While Boost Mobile is considered a prepaid offering, Boost Infinite is being positioned as a full postpaid offering. 

Boost Infinite was supposed to launch this autumn, but it will now miss the crucial fourth quarter and instead aim to have a more widespread commercial debut in the first quarter of 2023. Dish Chairman Charlie Ergen stated during the company’s third-quarter earnings call on Wednesday that Boost Infinite has been released internally and for those users, “it’s still a very excellent experience, but we’ve got some work to do.”

With a variety of devices, Boost Infinite is being positioned as a complete postpaid package.

According to John Swieringa, president and COO of Dish Wireless, the distribution will initially be predominately digital before shifting to national retail. While consumers won’t initially be using Dish’s own network, the launch will be using Dish’s own OSS/BSS; currently, it’s on T-Mobile’s system, and it’s important to get that on its own system, Ergen said.

Boost Infinite will be launched as an MVNO using AT&T’s network, but “you will start to see Band 70 devices in that portfolio,” as well as with Boost Mobile, Swieringa said. As they flip on voice over 5G New Radio (VoNR) in more markets, Boost Infinite will start using Dish’s own network as well, he said. The same applies to Boost Mobile.

Boost Mobile store Dish owner

Dish has built over 10,000 towers that currently reach over 35% of the population; the next objective is to reach 70% coverage. About 1,000 towers go online each month as it progresses. The build adds more frequencies in addition to Dish’s 600 MHz spectrum.

Ergen stressed the combination of postpaid and prepaid services. He replied, “I think you should presume that Boost’s retail wireless comprises both prepaid and postpaid.”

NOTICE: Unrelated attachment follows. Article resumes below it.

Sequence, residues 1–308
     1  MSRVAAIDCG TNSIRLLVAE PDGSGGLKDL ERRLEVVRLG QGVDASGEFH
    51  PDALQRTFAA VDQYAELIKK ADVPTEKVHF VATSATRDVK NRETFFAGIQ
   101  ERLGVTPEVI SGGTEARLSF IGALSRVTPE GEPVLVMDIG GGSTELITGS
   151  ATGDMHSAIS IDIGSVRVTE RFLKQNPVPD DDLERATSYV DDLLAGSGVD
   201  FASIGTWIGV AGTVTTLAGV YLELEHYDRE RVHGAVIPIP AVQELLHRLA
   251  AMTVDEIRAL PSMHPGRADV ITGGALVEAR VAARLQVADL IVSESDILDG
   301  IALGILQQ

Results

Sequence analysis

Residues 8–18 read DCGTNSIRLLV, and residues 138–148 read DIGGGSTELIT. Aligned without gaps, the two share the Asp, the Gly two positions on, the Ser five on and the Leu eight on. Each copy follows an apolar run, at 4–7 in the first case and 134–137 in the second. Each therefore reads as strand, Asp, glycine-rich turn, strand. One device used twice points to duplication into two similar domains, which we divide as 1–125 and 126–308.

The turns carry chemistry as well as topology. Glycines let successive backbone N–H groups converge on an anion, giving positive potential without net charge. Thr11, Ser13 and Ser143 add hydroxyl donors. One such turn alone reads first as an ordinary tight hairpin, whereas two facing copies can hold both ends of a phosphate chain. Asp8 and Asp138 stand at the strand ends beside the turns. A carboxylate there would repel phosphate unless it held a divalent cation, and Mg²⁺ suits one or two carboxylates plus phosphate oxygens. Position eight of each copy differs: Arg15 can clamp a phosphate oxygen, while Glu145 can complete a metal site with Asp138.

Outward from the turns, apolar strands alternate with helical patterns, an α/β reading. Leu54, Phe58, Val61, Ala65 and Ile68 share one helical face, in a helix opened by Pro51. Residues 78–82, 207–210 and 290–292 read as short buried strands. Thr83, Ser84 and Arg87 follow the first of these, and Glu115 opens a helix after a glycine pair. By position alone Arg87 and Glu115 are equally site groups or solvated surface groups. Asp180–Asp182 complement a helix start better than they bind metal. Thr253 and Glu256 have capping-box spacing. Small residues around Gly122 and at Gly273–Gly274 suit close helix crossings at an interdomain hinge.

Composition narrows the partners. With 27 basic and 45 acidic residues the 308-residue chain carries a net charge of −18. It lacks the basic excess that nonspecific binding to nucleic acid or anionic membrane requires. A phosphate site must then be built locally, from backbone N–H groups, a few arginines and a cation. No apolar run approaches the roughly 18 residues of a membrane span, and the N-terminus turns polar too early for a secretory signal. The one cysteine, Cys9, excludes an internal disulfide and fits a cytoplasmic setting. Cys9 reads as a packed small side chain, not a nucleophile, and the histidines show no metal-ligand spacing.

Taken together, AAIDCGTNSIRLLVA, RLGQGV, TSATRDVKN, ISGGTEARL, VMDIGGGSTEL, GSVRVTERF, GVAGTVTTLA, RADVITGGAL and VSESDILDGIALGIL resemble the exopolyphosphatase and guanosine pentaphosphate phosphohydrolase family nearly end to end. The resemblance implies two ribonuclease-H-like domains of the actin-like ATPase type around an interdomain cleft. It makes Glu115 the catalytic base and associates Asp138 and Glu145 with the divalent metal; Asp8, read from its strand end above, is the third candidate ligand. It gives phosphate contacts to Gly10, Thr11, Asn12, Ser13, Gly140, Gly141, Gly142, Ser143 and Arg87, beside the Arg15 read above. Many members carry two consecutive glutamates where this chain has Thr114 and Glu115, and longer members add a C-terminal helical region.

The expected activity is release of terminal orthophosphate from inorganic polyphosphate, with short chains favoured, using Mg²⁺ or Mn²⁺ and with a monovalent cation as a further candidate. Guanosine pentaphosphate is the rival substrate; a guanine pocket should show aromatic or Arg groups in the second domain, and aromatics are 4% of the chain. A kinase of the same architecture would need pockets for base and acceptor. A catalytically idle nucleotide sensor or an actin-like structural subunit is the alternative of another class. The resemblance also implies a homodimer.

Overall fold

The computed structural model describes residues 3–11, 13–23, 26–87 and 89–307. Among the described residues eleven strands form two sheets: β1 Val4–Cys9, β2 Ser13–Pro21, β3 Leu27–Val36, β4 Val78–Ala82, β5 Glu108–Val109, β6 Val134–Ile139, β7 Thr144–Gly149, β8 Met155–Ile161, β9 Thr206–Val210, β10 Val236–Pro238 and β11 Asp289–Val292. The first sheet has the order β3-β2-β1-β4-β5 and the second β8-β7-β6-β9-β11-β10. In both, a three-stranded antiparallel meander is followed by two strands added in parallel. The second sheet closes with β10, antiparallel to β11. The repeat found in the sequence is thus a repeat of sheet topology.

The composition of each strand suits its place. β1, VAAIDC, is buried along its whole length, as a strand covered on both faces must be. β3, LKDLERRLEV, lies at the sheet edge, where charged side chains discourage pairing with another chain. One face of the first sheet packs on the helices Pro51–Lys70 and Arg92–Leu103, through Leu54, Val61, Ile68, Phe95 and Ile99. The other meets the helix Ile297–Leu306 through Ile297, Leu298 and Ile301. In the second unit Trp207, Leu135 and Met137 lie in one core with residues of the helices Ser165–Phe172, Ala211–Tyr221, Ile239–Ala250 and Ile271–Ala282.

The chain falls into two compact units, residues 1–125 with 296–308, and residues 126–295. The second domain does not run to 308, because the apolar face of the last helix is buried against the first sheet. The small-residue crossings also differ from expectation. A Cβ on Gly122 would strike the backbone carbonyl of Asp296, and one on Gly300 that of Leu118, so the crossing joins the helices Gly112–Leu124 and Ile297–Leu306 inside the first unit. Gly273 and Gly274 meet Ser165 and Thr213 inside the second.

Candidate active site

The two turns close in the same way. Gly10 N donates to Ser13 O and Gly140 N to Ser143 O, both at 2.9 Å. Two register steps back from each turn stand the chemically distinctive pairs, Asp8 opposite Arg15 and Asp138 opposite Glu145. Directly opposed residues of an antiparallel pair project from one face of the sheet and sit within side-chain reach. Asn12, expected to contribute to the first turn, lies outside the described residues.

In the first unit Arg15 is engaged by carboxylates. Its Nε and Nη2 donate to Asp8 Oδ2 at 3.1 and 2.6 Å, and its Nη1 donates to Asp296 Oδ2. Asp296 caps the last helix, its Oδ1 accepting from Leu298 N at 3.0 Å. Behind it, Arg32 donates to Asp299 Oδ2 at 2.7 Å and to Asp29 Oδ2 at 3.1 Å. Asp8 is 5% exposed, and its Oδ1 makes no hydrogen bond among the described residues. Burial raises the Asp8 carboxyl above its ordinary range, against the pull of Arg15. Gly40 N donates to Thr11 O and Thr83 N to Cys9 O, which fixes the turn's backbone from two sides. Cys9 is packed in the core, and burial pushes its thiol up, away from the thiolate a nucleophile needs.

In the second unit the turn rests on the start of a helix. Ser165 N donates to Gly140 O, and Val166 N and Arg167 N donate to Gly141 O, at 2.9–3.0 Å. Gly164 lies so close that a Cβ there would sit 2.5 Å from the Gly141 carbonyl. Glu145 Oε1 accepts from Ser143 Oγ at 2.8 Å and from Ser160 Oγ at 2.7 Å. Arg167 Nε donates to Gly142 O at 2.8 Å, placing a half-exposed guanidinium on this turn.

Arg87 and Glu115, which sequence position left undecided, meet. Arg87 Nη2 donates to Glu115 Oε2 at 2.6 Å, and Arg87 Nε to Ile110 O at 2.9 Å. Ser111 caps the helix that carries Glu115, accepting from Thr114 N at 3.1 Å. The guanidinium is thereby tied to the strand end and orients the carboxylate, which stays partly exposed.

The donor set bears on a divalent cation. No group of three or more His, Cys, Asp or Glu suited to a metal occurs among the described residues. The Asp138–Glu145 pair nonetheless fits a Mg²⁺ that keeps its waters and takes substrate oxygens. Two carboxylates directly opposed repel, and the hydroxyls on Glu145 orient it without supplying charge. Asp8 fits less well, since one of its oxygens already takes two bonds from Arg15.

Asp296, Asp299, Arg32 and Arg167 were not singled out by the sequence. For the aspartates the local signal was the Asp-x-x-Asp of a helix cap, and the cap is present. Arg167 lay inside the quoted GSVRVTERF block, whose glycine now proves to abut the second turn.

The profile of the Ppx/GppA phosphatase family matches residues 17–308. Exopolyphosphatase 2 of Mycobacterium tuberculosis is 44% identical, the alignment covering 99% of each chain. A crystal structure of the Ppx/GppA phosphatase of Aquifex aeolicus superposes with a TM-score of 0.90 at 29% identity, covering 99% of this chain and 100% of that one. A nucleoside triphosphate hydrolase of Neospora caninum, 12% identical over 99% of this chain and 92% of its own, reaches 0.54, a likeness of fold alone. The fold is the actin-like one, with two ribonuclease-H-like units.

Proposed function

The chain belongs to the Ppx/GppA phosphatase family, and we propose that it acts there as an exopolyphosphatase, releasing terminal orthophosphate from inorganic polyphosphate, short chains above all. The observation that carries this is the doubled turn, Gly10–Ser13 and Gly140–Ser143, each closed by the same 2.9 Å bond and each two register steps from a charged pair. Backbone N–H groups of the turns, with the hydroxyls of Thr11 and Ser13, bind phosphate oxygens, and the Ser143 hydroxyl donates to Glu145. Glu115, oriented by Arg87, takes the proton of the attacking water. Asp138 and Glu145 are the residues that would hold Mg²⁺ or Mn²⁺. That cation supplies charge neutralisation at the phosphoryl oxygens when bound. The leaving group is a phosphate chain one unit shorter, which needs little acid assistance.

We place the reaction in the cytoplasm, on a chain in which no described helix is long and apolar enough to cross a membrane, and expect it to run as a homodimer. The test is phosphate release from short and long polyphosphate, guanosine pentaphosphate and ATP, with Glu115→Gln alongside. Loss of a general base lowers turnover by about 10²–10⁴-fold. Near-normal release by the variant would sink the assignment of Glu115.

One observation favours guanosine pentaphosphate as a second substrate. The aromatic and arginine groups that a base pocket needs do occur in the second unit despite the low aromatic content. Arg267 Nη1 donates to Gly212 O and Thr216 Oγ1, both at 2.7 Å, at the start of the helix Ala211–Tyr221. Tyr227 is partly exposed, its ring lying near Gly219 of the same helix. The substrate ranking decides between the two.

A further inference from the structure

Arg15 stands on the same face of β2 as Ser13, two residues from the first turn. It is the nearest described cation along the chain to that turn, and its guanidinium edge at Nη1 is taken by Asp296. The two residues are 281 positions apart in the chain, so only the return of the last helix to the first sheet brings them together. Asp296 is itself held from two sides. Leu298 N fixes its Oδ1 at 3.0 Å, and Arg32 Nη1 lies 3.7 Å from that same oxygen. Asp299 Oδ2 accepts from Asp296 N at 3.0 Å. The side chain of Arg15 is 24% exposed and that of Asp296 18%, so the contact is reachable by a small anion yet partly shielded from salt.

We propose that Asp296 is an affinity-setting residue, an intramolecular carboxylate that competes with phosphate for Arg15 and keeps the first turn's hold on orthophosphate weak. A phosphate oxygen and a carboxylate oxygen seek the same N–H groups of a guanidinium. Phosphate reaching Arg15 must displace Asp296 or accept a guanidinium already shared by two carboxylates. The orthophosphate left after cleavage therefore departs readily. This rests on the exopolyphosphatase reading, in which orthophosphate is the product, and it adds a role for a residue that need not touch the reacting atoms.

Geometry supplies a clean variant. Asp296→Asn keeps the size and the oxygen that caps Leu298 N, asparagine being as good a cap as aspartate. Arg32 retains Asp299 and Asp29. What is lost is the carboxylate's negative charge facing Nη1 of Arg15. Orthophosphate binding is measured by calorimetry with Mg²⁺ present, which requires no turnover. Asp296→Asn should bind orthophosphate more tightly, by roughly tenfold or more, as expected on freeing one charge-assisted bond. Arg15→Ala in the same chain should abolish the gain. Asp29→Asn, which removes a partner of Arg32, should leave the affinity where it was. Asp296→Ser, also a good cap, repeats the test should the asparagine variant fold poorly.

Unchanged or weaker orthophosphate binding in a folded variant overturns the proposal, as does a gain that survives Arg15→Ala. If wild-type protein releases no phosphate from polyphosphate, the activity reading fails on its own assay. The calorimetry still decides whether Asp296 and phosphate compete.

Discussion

Actually, he claimed, there isn’t all that much distinction between prepaid and postpaid services. Although prepaid does not typically require a credit check and postpaid typically does, the customer pays at the time of activation in both situations. Postpaid is thought to be the more lucrative sector, nevertheless. Ergen is a newcomer to the wireless industry.  Ergen reiterated that a postpaid customer is “way more profitable” than a prepaid customer, and he said that the U.S. is the only country where prepaid is cheaper for consumers than postpaid.

The postpaid business is not nearly as competitive as the prepaid business. “It’s not even close,” he said. “There’s just a bigger opportunity there” in postpaid, the idea being that if they can offer a better product at a lower price, they can be successful.

The ownership situation of Boost and whether or how that might change are issues on many analysts’ thoughts.

Dish and an Ergen-affiliated SPAC are currently in exploratory talks that may result in the sale of a portion of the retail wireless business.

According to Ergen, the board has spoken with the SPAC, but they are also considering other options for the retail wireless sector. He stated, “I believe everyone is perhaps getting ahead of themselves in the SPAC conversations.

We at Dish believe that retail wireless should be a part of what we do, he added.

Although it’s a small amount, Dish’s 1,000 wireless retail subscribers reported for the third quarter show a significant improvement over the previous 8 quarters. One of Dish’s goals was to stabilize the retail wireless business, and while it didn’t do as well as expected from an EBITDA perspective, it was successful in shifting from a loss of 100,000 subscribers each quarter to a “very, very small gain,” Ergen said.